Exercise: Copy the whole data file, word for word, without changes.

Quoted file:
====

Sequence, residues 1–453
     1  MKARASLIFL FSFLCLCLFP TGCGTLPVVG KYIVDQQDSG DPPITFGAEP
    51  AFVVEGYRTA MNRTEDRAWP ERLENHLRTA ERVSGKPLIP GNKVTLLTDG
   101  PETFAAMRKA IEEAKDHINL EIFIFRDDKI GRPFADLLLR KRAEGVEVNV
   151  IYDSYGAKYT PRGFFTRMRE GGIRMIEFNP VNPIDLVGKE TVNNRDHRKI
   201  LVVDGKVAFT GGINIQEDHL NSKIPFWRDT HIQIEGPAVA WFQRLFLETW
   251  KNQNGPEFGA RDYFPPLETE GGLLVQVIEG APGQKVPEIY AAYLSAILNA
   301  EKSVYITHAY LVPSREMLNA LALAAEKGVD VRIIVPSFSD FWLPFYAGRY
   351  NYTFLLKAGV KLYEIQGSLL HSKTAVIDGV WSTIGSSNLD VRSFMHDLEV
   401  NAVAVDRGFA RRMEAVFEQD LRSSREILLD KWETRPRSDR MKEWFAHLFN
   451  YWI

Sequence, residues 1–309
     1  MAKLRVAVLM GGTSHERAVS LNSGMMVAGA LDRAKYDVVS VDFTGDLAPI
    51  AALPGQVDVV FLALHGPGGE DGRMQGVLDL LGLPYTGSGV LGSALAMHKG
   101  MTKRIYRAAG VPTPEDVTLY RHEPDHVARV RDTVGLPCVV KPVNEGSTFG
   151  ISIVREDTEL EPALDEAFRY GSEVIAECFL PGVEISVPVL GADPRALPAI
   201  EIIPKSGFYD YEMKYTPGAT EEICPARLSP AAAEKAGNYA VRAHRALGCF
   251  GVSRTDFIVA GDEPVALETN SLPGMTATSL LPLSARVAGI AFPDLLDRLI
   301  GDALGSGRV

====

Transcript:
Sequence, residues 1–453
     1  MKARASLIFL FSFLCLCLFP TGCGTLPVVG KYIVDQQDSG DPPITFGAEP
    51  AFVVEGYRTA MNRTEDRAWP ERLENHLRTA ERVSGKPLIP GNKVTLLTDG
   101  PETFAAMRKA IEEAKDHINL EIFIFRDDKI GRPFADLLLR KRAEGVEVNV
   151  IYDSYGAKYT PRGFFTRMRE GGIRMIEFNP VNPIDLVGKE TVNNRDHRKI
   201  LVVDGKVAFT GGINIQEDHL NSKIPFWRDT HIQIEGPAVA WFQRLFLETW
   251  KNQNGPEFGA RDYFPPLETE GGLLVQVIEG APGQKVPEIY AAYLSAILNA
   301  EKSVYITHAY LVPSREMLNA LALAAEKGVD VRIIVPSFSD FWLPFYAGRY
   351  NYTFLLKAGV KLYEIQGSLL HSKTAVIDGV WSTIGSSNLD VRSFMHDLEV
   401  NAVAVDRGFA RRMEAVFEQD LRSSREILLD KWETRPRSDR MKEWFAHLFN
   451  YWI

Sequence, residues 1–309
     1  MAKLRVAVLM GGTSHERAVS LNSGMMVAGA LDRAKYDVVS VDFTGDLAPI
    51  AALPGQVDVV FLALHGPGGE DGRMQGVLDL LGLPYTGSGV LGSALAMHKG
   101  MTKRIYRAAG VPTPEDVTLY RHEPDHVARV RDTVGLPCVV KPVNEGSTFG
   151  ISIVREDTEL EPALDEAFRY GSEVIAECFL PGVEISVPVL GADPRALPAI
   201  EIIPKSGFYD YEMKYTPGAT EEICPARLSP AAAEKAGNYA VRAHRALGCF
   251  GVSRTDFIVA GDEPVALETN SLPGMTATSL LPLSARVAGI AFPDLLDRLI
   301  GDALGSGRV